by an anonymous female Afghanistan combat veteran
I was sitting on the plane somewhere over the American southwest thinking about how long I had felt like I was going to explode into a million tiny fragments when it happened. That’s when I realized it. I already had. I was already violently disassembled into particles that even I could no longer recognize. And then there are the ones who stole pieces. I’ll never get them back. And then there are the ones who hold pieces that I gave away before I knew I was exploding–you were holding me together.
I can never be put back together—not in the same way, at least. Like breaking a vase and supergluing it back together. Sure, it’s a form, but a mutilated, cheapened version that screams to everyone that it was once shattered on the floor.
“You’ll never be the same again, and that’s okay,” you told me two long years ago. Or maybe it was two lifetimes ago. Two lifetimes, twenty-two flights clawing my way across the Atlantic for reasons no one else ever seemed to understand. Folding myself into a flying metal cylinder, curled uncomfortably in the airplane seat with the last visual of the lazy humid Virginia dusk, only to unfold myself 18 hours later and 400 years back in time.
I thought I knew what you meant then but I only learned it last year. One year ago, today. You weren’t talking about the form, the body, I returned in. You were talking about the pieces I left behind.
“You’re in charge of my femur,” I said, sitting in a dirt-covered Hilux on top of a rocky ridge looking over a mud city that always reminded me of a lake full of bioluminescent jellyfish. That’s how it looked from the gun door of an Mi-17 as it cranked in sideways, full tilt, into a tiny patch of brown buildings with their backs pressed against mountains and a city full of hatred gnawing at the edges. Apparently, the glow is supposed to help the jellyfish, like attracting prey. I didn’t know I was the prey.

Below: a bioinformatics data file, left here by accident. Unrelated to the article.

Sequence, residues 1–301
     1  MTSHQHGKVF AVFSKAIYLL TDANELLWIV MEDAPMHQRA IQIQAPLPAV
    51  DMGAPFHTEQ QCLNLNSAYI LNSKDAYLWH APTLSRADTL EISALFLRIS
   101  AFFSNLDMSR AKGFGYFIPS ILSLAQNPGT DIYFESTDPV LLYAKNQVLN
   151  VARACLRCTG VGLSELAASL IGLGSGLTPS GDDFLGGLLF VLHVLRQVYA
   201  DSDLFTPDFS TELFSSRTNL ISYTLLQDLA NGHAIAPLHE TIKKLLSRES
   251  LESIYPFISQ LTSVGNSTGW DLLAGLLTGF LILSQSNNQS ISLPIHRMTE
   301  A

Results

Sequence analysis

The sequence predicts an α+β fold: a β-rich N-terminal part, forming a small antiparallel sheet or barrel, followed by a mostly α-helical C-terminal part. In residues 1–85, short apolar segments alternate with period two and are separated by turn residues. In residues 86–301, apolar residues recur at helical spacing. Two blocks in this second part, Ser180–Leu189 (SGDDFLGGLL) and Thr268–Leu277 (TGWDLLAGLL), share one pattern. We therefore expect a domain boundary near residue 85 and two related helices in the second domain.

“If I die here I want you to make sure my femur ends up a gearshift in this truck.”
You shifted gears and laughed, sitting in the driver’s seat, permanently leaning slightly forward in a way perhaps imperceptible to anyone except those of us who had sat in trucks in body armor for too long.
We had kicked up a trail of dust heading up the mountain that looked grey, like smoke, as it spun and billowed behind us.
“That’s why you’re one of us,” you said, and I believed you. “You’ll do anything to stay in the fight.”
Do you know what else is fascinating about jellyfish? Technically, they live forever.
They just get eaten by too many things.
This first appeared in The Havok Journal on August 21, 2021.
As the Voice of the Veteran Community, The Havok Journal seeks to publish a variety of perspectives on a number of sensitive subjects. Unless specifically noted otherwise, nothing we publish is an official point of view of The Havok Journal or any part of the U.S. government.